Progress is heating up very quickly for self-driving cars from the first attempt in 2004. DARPA hosted an autonomous driving competition in 2004 and through a collaboration of top academics, industry leaders, and other experts attempted to drive an autonomous car through a 132-mile course. Out of the 15 teams, none of them succeeded with the best distance being a whopping 7.4 miles. Fast forward a year later and a team from Stanford completed the 132-mile course in six hours and fifty-four minutes. Fast forward again to 2017 and you can purchase your very own automobile with self-driving features.

Who is leading the charge?

When you think about self-driving cars, you usually think of the industry leaders like Tesla, Audi, Mercedes-Benz, BMW, Volvo, and General Motors, but who is actually making the software and chips that make all this capable? Companies like Nvidia, Intel & Mobil eye(Acquired), Bosch, and many more smaller companies are all key players in the driverless car industry. Without the tech companies working hand in hand with automakers to produce highly capable hardware and software, autonomous driving would still be far from a reality.  Below you can see the five-year performance of the top automakers and tech companies focused on autonomous driving.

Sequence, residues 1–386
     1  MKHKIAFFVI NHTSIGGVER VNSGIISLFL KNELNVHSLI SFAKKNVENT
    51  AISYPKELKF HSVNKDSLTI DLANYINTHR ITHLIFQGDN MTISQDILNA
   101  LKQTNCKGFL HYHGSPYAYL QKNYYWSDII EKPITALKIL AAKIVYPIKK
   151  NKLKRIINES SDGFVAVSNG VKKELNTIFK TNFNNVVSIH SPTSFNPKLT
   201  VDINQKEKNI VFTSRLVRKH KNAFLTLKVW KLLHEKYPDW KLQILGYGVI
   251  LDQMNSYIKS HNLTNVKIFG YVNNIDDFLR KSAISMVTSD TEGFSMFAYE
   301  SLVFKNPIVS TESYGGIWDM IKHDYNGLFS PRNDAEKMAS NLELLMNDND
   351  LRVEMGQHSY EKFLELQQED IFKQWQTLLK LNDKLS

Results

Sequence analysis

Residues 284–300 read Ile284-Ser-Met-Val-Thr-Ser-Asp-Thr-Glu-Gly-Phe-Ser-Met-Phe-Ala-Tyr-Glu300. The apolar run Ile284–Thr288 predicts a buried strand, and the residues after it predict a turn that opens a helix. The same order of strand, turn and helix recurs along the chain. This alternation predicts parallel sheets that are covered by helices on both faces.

General Motors (GM)
– designs, manufactures, markets, and distributes vehicles and vehicle parts, and sells financial services. Acquired self-driving start-up Cruise Automation for $1 billion within the last year.

Tesla (TSLA) 
– an American automaker, energy storage company, and solar panel manufacturer based in Palo Alto, California. Currently, has cars that offer semi-autonomous features.

Ford (F) 
– American auto manufacturer. Claims they will have a fully autonomous vehicle in operation by 2021 which they plan to sell directly to ride hailing services such as Uber & Lyft. 

Alphabet (GOOGL)